Last year we wrote about the tremendous grassroots effort out of northeast Massachusetts to develop the Danvers Rail Trail. The Danvers Rail Trail Advisory Committee rallied the town's business community to support the extension of this popular community asset through a mile-marker sponsorship program, generating thousands of dollars for trail maintenance and creating a strong trail community in the process. At last count, 60 local businesses had paid between $150 and $500 to have their name and logo displayed along the trail.
Obviously the Danvers rail-trail community is a group with some creative business nous. This week we heard they have developed their own series of private label Rail Trail beverages, proceeds from the sale of which benefit the rail-trail. The Danvers Rail Trail line of drinks comes in a variety of flavors, including root beer, ginger ale and raspberry lime, and the label features a photo of a steam engine travelling the original Danvers line back in 1880.
The group announced this week that the award-winning Danvers Fresh Marketplace would be stocking the fundraising label--another local business conscious of what the rail-trail brings to this thriving community.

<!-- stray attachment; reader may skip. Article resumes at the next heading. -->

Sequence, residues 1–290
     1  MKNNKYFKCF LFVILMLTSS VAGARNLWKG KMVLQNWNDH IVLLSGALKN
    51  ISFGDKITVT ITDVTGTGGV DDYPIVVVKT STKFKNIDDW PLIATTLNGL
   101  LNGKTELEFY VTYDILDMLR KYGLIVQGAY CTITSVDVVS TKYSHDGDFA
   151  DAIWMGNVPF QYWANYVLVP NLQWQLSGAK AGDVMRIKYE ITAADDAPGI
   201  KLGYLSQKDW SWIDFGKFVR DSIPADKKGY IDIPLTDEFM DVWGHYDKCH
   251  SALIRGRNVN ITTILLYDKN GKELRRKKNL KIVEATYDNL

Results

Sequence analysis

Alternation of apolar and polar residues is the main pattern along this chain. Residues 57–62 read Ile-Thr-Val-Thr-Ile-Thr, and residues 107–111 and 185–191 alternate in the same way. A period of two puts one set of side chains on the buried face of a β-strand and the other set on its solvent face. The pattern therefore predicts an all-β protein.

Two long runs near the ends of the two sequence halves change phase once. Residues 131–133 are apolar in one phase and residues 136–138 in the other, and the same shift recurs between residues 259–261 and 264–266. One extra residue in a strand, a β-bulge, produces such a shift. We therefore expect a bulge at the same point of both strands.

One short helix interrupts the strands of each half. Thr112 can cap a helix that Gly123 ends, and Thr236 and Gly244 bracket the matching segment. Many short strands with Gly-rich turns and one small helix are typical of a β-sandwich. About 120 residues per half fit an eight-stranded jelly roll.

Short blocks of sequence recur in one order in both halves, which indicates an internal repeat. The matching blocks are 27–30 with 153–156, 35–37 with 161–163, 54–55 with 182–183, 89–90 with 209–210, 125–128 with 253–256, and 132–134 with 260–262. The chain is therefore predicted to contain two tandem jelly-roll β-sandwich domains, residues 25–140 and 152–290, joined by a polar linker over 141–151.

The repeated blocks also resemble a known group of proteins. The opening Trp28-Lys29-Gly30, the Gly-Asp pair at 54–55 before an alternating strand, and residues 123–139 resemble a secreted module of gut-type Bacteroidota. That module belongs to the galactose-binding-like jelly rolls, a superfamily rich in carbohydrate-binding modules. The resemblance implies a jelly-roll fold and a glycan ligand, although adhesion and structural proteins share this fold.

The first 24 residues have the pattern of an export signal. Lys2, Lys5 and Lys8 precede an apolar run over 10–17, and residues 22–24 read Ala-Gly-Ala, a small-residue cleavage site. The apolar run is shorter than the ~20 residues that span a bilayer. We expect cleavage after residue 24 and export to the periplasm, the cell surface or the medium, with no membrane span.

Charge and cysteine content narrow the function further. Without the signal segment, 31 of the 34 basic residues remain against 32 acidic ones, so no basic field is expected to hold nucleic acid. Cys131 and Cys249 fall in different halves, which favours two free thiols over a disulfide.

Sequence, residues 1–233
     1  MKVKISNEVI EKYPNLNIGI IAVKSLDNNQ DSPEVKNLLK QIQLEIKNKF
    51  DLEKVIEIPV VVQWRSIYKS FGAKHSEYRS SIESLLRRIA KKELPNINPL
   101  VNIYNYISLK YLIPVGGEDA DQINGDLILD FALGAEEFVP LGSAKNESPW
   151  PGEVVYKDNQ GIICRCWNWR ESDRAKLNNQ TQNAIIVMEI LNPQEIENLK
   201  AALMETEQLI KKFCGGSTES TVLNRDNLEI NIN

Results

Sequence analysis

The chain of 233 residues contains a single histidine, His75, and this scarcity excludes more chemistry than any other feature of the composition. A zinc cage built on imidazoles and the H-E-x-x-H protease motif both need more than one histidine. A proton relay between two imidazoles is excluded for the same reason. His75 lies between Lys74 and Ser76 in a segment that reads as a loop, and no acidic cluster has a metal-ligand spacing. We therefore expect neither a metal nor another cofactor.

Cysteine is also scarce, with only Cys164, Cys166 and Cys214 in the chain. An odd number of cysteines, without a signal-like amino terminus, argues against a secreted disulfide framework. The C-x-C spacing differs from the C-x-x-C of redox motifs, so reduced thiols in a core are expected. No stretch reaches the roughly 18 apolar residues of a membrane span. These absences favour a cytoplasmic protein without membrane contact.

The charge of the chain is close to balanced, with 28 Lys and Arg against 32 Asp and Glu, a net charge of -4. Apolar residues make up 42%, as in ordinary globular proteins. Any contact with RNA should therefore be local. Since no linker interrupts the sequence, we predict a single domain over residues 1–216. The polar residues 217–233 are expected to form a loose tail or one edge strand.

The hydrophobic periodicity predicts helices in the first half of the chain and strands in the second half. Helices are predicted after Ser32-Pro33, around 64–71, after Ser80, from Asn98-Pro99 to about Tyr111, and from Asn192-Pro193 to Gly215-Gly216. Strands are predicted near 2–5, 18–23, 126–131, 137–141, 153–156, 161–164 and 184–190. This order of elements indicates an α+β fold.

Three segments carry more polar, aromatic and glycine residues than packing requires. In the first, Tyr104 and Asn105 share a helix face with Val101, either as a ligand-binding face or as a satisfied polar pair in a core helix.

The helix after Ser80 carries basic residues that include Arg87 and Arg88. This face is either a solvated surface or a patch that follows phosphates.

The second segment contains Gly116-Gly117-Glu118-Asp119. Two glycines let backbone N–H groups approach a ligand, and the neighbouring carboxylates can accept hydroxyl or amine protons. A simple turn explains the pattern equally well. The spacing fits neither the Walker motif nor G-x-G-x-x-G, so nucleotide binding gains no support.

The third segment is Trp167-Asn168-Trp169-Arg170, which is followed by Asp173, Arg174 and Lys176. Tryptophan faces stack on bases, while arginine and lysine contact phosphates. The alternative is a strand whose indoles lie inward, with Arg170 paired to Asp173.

As with many locally funded efforts, the trail is a work in progress, with completed sections already very popular with locals seeking a recreational outlet or a better way to get around town. The Danvers Rail Trail Committee solved a problem wet area north of Wenham Street, and the trail is now passable from the Peabody line to Topsfield Center, a distance of 7.6 miles. The astute fundraising of Danvers locals have been a crucial part of this effort.
Is your local group doing some creative things to raise money for a rail-trail project? I'd like to hear about it. By spreading the word about what communities are doing to follow their rail-trail ambitions, we can help others across the country who might be struggling with their fundraising challenges. Email Jake Lynch at email@example.com.
There was more good news just across the border in southern New Hampshire this week with the announcement that the state's Executive Council had approved an agreement to begin building the long-awaited 5.1-mile section of rail-trail in Salem. The Salem portion was a missing link in what will eventually be an 80-mile rail-trail between Lawrence, Mass., and Lebanon, N.H., along the disused Boston and Maine Railroad corridor. Check out the full story here in the Eagle Tribune.